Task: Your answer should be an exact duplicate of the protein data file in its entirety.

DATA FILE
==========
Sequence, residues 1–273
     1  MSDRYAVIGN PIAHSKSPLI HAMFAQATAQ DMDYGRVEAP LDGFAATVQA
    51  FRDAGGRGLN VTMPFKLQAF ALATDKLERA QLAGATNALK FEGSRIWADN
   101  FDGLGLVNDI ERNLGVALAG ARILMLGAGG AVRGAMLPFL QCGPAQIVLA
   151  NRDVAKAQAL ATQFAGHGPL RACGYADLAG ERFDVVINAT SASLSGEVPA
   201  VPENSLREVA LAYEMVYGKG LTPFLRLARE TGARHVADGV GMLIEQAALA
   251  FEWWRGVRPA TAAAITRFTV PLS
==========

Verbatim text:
Sequence, residues 1–273
     1  MSDRYAVIGN PIAHSKSPLI HAMFAQATAQ DMDYGRVEAP LDGFAATVQA
    51  FRDAGGRGLN VTMPFKLQAF ALATDKLERA QLAGATNALK FEGSRIWADN
   101  FDGLGLVNDI ERNLGVALAG ARILMLGAGG AVRGAMLPFL QCGPAQIVLA
   151  NRDVAKAQAL ATQFAGHGPL RACGYADLAG ERFDVVINAT SASLSGEVPA
   201  VPENSLREVA LAYEMVYGKG LTPFLRLARE TGARHVADGV GMLIEQAALA
   251  FEWWRGVRPA TAAAITRFTV PLS